Fly Home For Maintenance?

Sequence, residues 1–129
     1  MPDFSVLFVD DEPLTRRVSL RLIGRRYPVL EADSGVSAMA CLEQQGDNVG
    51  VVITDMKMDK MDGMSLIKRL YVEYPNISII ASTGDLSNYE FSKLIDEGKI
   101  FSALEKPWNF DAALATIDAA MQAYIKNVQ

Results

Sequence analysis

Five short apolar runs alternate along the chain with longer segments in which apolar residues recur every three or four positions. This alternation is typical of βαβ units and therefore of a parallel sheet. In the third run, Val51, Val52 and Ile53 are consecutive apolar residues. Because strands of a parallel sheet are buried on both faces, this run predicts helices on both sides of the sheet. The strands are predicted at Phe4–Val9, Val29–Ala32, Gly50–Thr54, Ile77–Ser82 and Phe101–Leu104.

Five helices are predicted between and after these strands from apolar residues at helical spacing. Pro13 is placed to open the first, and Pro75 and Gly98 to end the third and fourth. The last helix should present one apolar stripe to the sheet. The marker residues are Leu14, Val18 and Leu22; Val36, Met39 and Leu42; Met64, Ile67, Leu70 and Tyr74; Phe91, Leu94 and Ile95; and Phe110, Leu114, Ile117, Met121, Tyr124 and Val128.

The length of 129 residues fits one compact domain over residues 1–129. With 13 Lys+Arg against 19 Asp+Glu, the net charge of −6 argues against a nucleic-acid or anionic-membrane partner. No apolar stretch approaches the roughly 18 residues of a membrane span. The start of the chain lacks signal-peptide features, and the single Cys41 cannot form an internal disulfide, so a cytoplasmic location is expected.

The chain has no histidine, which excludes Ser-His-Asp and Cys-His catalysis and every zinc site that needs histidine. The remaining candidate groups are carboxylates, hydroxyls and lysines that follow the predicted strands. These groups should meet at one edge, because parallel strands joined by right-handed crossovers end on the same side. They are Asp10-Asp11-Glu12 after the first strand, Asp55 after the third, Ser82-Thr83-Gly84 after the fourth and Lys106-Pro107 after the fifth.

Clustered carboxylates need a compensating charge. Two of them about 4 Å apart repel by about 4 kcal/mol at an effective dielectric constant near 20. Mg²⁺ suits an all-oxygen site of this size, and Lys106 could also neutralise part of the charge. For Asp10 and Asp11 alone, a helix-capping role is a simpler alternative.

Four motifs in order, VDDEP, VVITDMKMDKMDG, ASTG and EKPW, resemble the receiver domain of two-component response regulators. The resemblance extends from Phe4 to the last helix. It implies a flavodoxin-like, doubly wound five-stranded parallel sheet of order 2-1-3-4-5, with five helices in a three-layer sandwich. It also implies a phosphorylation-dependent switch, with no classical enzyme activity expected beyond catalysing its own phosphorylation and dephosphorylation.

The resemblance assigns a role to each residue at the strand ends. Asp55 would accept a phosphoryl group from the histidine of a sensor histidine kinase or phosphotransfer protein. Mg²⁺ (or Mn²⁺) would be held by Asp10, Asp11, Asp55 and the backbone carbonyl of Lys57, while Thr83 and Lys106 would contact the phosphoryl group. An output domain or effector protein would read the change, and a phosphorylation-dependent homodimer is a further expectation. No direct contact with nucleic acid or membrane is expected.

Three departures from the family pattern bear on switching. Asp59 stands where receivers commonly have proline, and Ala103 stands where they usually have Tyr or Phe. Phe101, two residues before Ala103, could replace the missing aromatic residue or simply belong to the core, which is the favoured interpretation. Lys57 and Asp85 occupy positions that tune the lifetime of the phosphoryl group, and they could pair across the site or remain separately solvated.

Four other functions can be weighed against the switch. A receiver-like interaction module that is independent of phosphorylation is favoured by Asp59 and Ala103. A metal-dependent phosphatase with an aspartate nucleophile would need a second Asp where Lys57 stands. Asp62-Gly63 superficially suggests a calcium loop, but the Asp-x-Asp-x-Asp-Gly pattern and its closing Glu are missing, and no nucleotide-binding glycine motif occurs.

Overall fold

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Kansas, and specifically Wichita, are well-known for manufacturing a huge number of general and business aviation aircraft over the years. Once they've flown the coop, so to speak, they don't often come back for routine maintenance or modifications, however, unless there's no other facility that can do the work. That might change in the near future, however, thanks to legislation enacted earlier this month that gives sales-tax exemptions for aircraft maintenance and modification. According to the published reports, the new legislation was pushed by the Salina (Kan.) Airport Authority, Bombardier, Cessna and Raytheon. Other states have such an exemption in place; Kansas is just trying to level the playing field. Or is it? Signs are that -- at least Cessna -- is expecting some substantial growth in the near term. For example, The Wichita Eagle reports that Cessna plans to hire 400 workers, by calling back laid-off employees and by advertising open positions. Most of the available jobs are for sheet-metal workers, but there are positions available in engineering and aircraft completion, also. Cessna say its need for more employees results from its planned delivery schedule, according to the Eagle. Meanwhile, Cessna has under construction a major service center. Planned for opening in January 2005, the Citation jet service center will be the largest business-jet service center in the world, company officials told the Eagle. Cessna's new center will be able to handle as many as 120 airplanes a day. That will be good news for the local economy and, possibly, give Cessna a huge advantage over other companies when it comes to where they get their bizjets serviced. Now that there is no sales-tax hit, look for the skies over Wichita to get even more crowded.